On our return flight to California this summer, Mark brought a small piece of string on board. As he read the section in his Dummies book on how to tie a horse, he practiced the quick-release knot using a pencil as the hitching post and the string as a lead rope. I thought for a second of how crazy we must have looked if anyone on the plane took note of our actions, but then dismissed the embarrassment knowing that hands-on learning is really the kind of learning that sticks regardless if it happens at a barn or on an airplane.
Two or three days after our return flight with the string, it was International Helmet Awareness Day and I noticed on Twitter that six-time Badminton Horse Trials champion and British Olympian Lucinda Green tweeted a selfie sporting a riding helmet and SWIMSUIT! A challenge was issued via retweet for people to start sharing swimsuit/bikini, and Speedo (yes, Speedo) selfies while wearing a riding helmet.
“Mark, some people are tweeting helmet photos in swimsuits and someone has asked for men to pose in their Speedos and helmets. Are you up for it?”
My husband has been Elvis, Michael Jackson, and last year he won a Halloween costume contest as a very compelling version of Richard Simmons. Asking him if he wanted to “dress up” or in this case, undress a bit, I knew he’d be game. He disappeared into the house.
Next, Mark came out to the back yard in his blue bikini Speedo (used only underneath a wetsuit) carrying my old bridle the wrong way in one hand and Horseback Riding for Dummies in the other. The Speedo is ancient and stretched out and I’ve thought of buying him a new one, but I can’t bring myself to that, as I don’t want to be perceived as an advocate for middle aged men wearing Speedos.
So while wearing only his tiny swimsuit and new riding helmet, he pretended to be practicing how to bridle a horse using our Golden Retriever as a horse. Our dog’s head was strategically posed to create for a more modest photo.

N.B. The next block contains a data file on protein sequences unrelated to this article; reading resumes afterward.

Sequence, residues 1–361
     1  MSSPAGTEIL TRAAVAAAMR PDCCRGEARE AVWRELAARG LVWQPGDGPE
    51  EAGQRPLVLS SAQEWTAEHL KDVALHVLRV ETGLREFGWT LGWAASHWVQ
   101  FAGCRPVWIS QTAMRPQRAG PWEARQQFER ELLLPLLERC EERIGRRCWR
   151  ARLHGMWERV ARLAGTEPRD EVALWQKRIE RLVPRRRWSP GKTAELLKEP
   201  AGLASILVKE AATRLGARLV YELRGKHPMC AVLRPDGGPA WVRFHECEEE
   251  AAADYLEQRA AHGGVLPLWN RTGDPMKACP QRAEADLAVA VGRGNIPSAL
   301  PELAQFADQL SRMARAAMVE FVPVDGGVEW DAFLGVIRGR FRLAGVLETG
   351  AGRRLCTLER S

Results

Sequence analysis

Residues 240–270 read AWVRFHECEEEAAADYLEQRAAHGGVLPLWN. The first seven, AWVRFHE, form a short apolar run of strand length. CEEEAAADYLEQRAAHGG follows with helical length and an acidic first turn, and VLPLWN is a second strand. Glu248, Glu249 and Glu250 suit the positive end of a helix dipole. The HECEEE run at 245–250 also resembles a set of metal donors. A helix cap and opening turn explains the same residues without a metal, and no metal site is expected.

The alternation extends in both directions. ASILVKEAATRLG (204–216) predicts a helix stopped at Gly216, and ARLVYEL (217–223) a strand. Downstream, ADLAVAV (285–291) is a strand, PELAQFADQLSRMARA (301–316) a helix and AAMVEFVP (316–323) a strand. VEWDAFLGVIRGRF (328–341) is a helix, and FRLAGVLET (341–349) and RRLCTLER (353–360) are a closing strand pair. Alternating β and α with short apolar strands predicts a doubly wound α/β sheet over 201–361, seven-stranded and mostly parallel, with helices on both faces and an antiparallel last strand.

I sent out a tweet that said: @susanwordlover All riders from Olympians like @LucindaGreenMBE to newbies like my hubs should wear helmets.
I am pleased to report that in addition to advocating riding with a helmet, I attracted a new Twitter follower: Lucinda Green herself.
Following that excitement, Mark began riding lessons. He caught on quickly to the idea of the ideal position and picked up the steering concept. However, he felt the hour-long lessons ended too quickly, as he wanted a more rigorous workout. He also shared that his balance “sucked.”
In addition to simple equitation, Mark learned how to groom and tack a horse. Before one lesson he did the most thorough job picking a hoof that I have ever seen! I literally think he held up the school horse’s hoof for five minutes brushing away each grain of sand. His fastidiousness put me to shame.
About a month ago as I was getting ready for a lesson, Mark asked, “Do you want me to brush down the horse for you?” It was then I realized a perk for his newfound interest in my hobby: my groom is now my groom! I never would have guessed it could happen. In the midst of the comedy, we have a new camaraderie centering on horses. And I can’t wait until our next trip to the tack store!
About the writer: Susan Friedland-Smith, a middle school history teacher living in North Tustin, California, has been horse-crazy since girlhood. While encouraging her newbie equestrian husband’s riding pursuits, she has been on a quest to find her next equine best friend. Join the quirky adventures by following her blog Saddle Seeks Horse at www.susanfriedlandsmith.com and on Twitter @susanwordlover.